Miami-Dade Legislative Item
File Number: 120901
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File Number: 120901 File Type: Ordinance Status: In Committee
Version: 0 Reference: Control: Public Safety & Healthcare Admin Cmte
File Name: PROHIBIT SALE OF FLAVORED TOBACCO PRODUCTS Introduced: 5/1/2012
Requester: NONE Cost: Final Action:
Agenda Date: 5/15/2012 Agenda Item Number: 4B
Notes: 6WKS/4WKS REQUIRED [NOTE TO CAO: ITEM FILED IN BCC MTG. 5-15-12] Title: ORDINANCE CREATING SECTION 21-50 OF THE CODE OF MIAMI-DADE COUNTY, FLORIDA, PROHIBITING THE SALE OF FLAVORED TOBACCO PRODUCTS; AMENDING CHAPTER 8CC OF THE CODE PROVIDING CIVIL PENALTIES; PROVIDING SEVERABILITY, INCLUSION IN THE CODE, AND AN EFFECTIVE DATE
Indexes: AMENDING CODE
Sponsors: Barbara J. Jordan, Prime Sponsor
  Jean Monestime, Co-Sponsor
Sunset Provision: No Effective Date: Expiration Date:
Registered Lobbyist: None Listed


Legislative History

Acting Body Date Agenda Item Action Sent To Due Date Returned Pass/Fail

Public Safety & Healthcare Admin Cmte 9/11/2012 1F3 Deferred P
REPORT: Assistant County Attorney Valda Clark Christian read the foregoing proposed ordinance into the record. Ms. Catherine Fuentes, Students Working Against Tobacco (SWAT), expressed appreciation to the sponsors of this proposed ordinance. She explained that more young smokers used flavored tobacco products than adult cigarette smokers. She pointed out that the candy flavors masked the bad taste of tobacco and contributed to children using tobacco products. Ms. Fuentes noted the 2010 Florida Used Tobacco Survey indicated 1 in 8 youth between the ages of 11 and 17 in Miami-Dade County had tried flavored tobacco products. She pointed out that one municipality had passed an ordinance banning the sale of flavored tobacco products, and ten municipalities had passed resolutions supporting a ban on selling various tobacco products. Ms. Fuentes requested this proposed ordinance be deferred to no date certain. She noted SWAT would continue to work with Commissioner Jordan on this issue. Commissioner Heyman pointed out that the County Commission unanimously passed a resolution urging the United States Congress and the State of Florida Legislature to prohibit products that enticed children. She clarified that adults had the right to choose to purchase a flavored tobacco product. Hearing no other questions or comments, the Committee proceeded to vote to defer this proposed ordinance to no date certain.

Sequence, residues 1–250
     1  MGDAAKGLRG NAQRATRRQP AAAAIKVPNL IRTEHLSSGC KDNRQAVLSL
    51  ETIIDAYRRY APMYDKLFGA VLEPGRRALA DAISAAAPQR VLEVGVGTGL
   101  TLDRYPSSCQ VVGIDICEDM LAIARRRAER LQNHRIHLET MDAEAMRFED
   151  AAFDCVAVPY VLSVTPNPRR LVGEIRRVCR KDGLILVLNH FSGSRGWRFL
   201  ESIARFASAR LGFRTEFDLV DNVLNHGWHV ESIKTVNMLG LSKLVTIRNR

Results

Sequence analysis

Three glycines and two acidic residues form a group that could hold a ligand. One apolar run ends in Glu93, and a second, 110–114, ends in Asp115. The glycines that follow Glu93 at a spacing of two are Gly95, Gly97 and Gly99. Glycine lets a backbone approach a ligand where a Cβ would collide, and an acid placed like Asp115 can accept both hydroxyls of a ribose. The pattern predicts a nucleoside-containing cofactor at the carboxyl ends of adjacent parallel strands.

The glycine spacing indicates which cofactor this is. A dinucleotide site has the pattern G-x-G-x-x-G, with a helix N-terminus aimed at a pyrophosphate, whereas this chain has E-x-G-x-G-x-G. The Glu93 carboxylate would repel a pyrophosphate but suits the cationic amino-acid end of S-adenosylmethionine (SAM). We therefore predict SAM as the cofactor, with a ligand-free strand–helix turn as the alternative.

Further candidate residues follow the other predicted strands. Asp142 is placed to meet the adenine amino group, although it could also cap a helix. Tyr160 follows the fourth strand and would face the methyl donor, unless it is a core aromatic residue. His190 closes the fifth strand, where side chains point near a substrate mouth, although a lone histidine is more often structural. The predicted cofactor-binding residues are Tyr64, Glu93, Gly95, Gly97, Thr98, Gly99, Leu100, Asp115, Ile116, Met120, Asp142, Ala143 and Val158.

County Attorney 7/10/2012 Referred Public Safety & Healthcare Admin Cmte 9/11/2012

Public Safety & Healthcare Admin Cmte 7/10/2012 1F1 Deferred P

Office of the Chairperson 7/9/2012 Deferrals 7/10/2012
REPORT: The Prime Sponsor has requested deferral of this item to the September 11 Public Safety and Healthcare Administration Committee meeting.

Board of County Commissioners 5/18/2012 Municipalities notified of public hearing Public Safety & Healthcare Admin Cmte 7/10/2012 5/15/2012

Board of County Commissioners 5/15/2012 Tentatively scheduled for a public hearing Public Safety & Healthcare Admin Cmte 7/10/2012

Board of County Commissioners 5/15/2012 4B Adopted on first reading 7/10/2012 P